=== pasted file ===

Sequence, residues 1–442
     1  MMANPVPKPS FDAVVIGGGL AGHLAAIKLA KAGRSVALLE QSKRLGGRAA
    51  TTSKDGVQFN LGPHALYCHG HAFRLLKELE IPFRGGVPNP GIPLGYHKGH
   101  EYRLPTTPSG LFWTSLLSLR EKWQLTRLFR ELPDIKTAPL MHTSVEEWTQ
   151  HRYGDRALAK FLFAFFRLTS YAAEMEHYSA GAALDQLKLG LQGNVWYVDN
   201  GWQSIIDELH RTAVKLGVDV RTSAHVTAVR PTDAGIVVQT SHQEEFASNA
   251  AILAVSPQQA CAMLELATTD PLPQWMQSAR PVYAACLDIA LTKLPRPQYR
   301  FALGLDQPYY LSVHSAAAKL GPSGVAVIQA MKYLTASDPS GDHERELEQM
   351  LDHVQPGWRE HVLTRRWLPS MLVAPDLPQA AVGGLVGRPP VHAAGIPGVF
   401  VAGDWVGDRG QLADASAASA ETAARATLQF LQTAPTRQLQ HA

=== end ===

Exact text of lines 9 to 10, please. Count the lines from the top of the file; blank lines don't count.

   351  LDHVQPGWRE HVLTRRWLPS MLVAPDLPQA AVGGLVGRPP VHAAGIPGVF
   401  VAGDWVGDRG QLADASAASA ETAARATLQF LQTAPTRQLQ HA